develooper Front page | perl.perl6.language | Postings from July 2006

just laugh your heart out

July 19, 2006 09:22
just laugh your heart out
Message ID:
As sometimes Perl6 to Perl5 is explained as C++ to C:

Newsgroups: rec.arts.humor
Subject: The truth about 'C++' revealed
Date: Tuesday, December 31, 2002 5:20 AM

On the 1st of January, 1998, Bjarne Stroustrup gave an interview to the
IEEE's 'Computer' magazine.

Naturally, the editors thought he would be giving a retrospective view
of seven years of object-oriented design, using the language he created.

By the end of the interview, the interviewer got more than he had
bargained for and, subsequently, the editor decided to suppress its
contents, 'for the good of the industry' but, as with many of these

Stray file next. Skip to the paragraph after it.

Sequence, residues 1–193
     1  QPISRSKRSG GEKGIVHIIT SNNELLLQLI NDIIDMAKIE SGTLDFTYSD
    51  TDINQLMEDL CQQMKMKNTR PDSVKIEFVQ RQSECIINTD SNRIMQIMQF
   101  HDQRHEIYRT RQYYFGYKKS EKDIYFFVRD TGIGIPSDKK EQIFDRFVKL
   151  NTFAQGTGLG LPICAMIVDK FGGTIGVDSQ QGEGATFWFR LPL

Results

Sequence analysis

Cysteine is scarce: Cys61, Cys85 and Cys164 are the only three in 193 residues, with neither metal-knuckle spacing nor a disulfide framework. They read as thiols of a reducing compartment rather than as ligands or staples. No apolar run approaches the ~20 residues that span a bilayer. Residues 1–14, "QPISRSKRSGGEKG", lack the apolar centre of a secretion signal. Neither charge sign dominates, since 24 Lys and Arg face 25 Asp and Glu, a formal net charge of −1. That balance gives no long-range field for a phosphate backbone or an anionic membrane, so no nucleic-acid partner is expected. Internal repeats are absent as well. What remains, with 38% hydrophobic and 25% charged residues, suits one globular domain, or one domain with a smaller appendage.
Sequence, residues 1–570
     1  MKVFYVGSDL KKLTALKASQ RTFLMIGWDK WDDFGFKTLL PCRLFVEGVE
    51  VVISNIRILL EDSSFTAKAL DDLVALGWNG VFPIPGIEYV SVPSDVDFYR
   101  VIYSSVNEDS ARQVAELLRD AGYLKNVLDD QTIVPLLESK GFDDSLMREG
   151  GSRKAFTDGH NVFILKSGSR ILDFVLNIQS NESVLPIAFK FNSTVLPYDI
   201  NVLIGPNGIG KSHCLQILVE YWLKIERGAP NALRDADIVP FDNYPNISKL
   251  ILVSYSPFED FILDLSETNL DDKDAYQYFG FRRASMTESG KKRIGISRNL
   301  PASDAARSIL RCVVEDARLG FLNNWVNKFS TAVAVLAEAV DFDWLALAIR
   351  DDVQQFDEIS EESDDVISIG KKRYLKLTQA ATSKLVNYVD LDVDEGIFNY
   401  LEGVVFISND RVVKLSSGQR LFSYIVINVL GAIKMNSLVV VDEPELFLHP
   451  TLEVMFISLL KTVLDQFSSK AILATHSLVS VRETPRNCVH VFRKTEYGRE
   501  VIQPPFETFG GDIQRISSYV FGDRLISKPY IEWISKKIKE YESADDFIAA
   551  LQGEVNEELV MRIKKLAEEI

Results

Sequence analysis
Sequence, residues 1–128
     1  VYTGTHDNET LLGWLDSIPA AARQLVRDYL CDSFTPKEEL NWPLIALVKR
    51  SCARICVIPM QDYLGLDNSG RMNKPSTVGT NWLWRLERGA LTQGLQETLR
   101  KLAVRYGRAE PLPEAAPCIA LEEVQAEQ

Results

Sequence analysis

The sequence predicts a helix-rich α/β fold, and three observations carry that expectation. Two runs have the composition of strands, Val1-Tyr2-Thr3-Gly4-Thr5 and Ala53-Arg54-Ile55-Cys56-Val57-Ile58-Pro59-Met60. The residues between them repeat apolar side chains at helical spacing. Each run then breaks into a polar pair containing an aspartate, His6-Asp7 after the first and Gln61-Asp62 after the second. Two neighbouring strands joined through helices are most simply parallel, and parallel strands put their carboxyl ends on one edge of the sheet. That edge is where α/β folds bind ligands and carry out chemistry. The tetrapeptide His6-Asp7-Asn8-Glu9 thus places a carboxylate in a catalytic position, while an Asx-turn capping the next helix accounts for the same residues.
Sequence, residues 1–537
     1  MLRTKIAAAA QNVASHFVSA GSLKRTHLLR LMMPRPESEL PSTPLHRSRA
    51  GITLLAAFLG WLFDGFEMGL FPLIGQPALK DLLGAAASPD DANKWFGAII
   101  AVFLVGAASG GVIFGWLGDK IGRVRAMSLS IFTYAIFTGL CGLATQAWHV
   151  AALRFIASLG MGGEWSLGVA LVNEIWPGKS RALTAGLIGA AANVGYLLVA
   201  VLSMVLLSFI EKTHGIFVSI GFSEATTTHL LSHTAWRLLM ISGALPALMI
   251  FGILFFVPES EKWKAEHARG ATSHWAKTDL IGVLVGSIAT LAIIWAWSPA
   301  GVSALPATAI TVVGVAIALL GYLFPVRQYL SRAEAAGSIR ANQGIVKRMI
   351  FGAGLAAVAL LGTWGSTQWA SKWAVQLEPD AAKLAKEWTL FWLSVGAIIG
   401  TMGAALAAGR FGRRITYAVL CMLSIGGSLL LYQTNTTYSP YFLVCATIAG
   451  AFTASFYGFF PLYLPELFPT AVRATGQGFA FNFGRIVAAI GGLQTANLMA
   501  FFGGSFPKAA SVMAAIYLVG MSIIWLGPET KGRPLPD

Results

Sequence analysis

things, there was a leak.

Here is a complete transcript of what was was said, unedited, and
unrehearsed, so it isn't as neat as planned interviews.


Interviewer: Well, it's been a few years since you changed the world of
software design, how does it feel, looking back?

Stroustrup: Actually, I was thinking about those days, just before you
arrived. Do you remember? Everyone was writing 'C' and, the trouble was,
they were pretty damn good at it. Universities got pretty good at
teaching it, too. They were turning out competent - I stress the word
'competent' - graduates at a phenomenal rate. That's what caused the

Interviewer: problem?

Stroustrup: Yes, problem. Remember when everyone wrote Cobol?

Interviewer: Of course, I did too

Stroustrup: Well, in the beginning, these guys were like demi-gods.
Their salaries were high, and they were treated like royalty.

Interviewer: Those were the days, eh?

Stroustrup: Right. So what happened? IBM got sick of it, and invested